For simple hedonic ratings, product range effects often limit the reliability and accuracy of consumer affective discriminations among multiple products. In the present study, a cognitive warm-up (CWU) procedure was applied to consumer acceptance tests in order to stabilize consumers' evaluative criteria by evoking their personal evaluation context. The effects of such procedure on the robustness of the affective product discriminations were investigated using two sets of comparison experiments, each using a related samples design. Consumers with equivalent sensory preference profile for skin lotions were screened and divided into High Reflection Thinkers (HRT) and Low Reflection Thinkers (LRT) using the Cognitive Reflection Test. They were then randomly, but evenly assigned to either a treatment (Group I) or a control (Group II) group, in which hedonic rating was performed either with or without the preceding CWU procedure, thus forming four sub-groups (treatment group-HRT, treatment group-LRT, control group-HRT, and control group-LRT subjects). For each sub-group, discriminability between the two chosen products in terms of d' value was compared across the two experimental conditions consisting of different product ranges. The results indicated that only in the control group-LRT subjects, the two conditions displayed different product discrimination. It suggests that for LRT subjects who are assumed to be more intuitive and thus might be more vulnerable to such product range effects, the CWU had a stabilizing effect on the evaluative criteria, resulting in more robust product discrimination.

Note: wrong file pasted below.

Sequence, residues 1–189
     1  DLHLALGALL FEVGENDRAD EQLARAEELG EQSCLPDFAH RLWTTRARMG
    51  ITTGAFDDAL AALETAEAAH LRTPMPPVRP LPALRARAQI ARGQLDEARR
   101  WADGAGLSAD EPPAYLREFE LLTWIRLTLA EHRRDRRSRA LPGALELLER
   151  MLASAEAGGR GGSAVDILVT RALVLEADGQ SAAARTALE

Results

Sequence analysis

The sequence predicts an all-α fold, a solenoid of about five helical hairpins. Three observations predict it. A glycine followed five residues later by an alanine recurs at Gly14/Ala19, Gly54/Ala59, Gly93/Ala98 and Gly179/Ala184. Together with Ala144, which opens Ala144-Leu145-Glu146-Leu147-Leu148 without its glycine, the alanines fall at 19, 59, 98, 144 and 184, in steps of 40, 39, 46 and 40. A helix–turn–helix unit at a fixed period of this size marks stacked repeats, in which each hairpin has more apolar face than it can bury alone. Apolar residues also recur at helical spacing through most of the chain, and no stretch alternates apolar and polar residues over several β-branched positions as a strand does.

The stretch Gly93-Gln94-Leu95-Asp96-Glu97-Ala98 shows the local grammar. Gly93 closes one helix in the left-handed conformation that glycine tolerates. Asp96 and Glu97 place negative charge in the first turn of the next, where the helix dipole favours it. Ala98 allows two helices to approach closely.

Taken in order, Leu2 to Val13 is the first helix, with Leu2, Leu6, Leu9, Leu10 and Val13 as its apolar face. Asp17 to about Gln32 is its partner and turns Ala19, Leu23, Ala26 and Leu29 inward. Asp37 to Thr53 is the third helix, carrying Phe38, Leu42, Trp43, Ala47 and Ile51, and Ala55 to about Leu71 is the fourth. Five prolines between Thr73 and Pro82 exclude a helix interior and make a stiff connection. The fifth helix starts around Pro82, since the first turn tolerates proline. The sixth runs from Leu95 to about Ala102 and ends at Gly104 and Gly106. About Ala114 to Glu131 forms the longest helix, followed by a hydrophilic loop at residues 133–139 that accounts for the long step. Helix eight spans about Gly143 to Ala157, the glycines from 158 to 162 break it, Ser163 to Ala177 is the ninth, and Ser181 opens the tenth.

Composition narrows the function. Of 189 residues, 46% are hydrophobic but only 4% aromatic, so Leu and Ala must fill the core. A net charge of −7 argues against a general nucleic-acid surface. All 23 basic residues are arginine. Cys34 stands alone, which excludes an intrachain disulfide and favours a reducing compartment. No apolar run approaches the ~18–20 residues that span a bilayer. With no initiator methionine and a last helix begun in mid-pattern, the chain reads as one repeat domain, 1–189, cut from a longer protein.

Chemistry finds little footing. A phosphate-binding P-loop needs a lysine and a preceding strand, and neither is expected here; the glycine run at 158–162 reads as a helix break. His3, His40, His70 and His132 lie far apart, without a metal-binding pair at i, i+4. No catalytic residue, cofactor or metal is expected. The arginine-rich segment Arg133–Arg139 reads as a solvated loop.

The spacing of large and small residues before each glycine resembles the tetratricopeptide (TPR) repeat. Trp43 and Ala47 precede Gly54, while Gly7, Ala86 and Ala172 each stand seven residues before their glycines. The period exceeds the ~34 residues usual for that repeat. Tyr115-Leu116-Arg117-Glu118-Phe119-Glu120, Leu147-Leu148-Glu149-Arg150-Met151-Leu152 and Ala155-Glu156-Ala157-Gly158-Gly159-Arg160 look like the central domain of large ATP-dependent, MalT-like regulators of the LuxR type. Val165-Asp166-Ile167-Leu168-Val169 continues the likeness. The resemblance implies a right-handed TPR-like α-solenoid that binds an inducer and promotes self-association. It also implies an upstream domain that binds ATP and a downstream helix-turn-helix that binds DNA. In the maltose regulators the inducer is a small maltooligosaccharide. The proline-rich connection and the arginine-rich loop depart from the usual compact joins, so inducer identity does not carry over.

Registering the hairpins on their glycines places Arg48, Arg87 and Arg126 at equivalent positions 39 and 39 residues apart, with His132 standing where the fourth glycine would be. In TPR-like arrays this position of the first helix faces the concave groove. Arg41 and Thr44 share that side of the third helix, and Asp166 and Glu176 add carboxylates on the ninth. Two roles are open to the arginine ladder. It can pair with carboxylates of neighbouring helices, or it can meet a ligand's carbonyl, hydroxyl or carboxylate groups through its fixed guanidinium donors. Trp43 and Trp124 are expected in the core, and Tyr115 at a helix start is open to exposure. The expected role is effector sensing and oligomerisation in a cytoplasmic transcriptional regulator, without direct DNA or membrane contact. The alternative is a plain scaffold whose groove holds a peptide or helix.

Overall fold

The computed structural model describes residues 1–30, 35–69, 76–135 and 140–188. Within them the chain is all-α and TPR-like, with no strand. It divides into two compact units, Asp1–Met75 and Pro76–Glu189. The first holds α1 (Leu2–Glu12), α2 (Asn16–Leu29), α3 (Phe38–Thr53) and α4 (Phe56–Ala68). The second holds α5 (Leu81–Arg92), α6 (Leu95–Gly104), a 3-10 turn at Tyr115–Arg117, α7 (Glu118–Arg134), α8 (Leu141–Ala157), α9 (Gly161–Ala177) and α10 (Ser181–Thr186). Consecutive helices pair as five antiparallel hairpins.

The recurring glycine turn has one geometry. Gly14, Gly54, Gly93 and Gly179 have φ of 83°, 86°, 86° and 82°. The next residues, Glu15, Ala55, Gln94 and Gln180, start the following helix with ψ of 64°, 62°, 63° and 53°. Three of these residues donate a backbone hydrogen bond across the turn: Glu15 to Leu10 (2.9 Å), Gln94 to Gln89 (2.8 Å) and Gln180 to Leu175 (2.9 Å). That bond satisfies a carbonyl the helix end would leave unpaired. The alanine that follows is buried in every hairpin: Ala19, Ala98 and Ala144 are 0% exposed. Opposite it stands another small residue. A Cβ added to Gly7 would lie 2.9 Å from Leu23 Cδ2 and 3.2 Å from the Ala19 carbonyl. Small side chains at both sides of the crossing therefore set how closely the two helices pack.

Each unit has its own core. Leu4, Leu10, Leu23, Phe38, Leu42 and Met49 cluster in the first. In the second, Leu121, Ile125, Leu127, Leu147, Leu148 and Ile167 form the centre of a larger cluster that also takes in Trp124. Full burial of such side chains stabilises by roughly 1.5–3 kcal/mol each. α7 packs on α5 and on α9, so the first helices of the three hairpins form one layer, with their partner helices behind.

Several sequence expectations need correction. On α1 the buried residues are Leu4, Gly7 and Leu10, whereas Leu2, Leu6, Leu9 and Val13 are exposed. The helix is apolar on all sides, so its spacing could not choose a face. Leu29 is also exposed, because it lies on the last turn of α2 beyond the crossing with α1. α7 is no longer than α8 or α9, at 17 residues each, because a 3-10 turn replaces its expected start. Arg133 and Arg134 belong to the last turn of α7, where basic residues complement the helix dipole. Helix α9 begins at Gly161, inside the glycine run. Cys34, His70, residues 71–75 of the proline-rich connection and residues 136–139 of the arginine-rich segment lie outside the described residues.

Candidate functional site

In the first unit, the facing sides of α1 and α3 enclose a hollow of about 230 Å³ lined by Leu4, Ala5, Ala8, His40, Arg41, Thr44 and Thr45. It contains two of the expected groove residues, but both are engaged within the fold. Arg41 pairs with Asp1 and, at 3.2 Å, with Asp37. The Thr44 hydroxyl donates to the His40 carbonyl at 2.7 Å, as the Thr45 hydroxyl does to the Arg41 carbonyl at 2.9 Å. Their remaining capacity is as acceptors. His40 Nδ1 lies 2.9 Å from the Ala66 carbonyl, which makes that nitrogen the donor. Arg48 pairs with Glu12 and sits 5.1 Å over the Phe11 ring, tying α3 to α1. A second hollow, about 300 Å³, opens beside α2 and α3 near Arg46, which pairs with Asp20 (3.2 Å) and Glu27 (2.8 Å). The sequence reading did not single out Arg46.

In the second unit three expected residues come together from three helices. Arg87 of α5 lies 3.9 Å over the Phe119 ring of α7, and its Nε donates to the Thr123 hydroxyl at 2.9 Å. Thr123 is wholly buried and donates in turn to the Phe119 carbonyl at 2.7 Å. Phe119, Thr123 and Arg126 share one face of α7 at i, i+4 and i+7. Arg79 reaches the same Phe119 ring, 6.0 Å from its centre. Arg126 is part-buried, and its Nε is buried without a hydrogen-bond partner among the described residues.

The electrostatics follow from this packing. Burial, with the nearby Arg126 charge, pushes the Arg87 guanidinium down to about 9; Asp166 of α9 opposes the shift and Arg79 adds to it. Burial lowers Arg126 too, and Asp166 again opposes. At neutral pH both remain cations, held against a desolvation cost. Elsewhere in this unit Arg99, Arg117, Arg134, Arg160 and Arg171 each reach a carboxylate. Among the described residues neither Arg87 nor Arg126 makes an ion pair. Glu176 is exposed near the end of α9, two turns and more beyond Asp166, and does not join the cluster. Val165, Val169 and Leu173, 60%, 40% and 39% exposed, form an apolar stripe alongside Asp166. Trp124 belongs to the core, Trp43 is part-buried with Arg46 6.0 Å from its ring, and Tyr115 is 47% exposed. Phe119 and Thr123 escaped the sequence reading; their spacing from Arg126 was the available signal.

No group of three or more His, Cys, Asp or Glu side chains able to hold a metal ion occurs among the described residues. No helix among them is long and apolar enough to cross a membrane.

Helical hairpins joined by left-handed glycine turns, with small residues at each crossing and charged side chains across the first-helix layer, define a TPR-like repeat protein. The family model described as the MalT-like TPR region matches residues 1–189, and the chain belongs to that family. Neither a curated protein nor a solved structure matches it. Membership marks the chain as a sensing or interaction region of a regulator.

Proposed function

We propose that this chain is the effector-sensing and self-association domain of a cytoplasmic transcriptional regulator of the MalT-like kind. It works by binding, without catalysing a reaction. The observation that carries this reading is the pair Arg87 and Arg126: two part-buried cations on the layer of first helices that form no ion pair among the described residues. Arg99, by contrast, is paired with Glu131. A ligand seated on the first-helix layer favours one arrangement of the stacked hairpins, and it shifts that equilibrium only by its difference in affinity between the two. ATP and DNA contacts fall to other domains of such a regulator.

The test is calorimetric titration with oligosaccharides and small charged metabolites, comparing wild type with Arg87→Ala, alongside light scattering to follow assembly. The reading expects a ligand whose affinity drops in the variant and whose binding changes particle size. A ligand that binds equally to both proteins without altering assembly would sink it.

Additional Metadata
Keywords Affective product discrimination, Cognitive Reflection Test, Cognitive warm-up, Contextualized sensory acceptance test, Range effects
Persistent URL dx.doi.org/10.1016/j.foodqual.2014.11.019, hdl.handle.net/1765/90749
Journal Food Quality and Preference
Citation
Kim, M.-A, Dessirier, J.-M, van Hout, D.H.A, & Lee, H.-S. (2015). Consumer context-specific sensory acceptance tests: Effects of a cognitive warm-up on affective product discrimination. Food Quality and Preference, 41, 163–171. doi:10.1016/j.foodqual.2014.11.019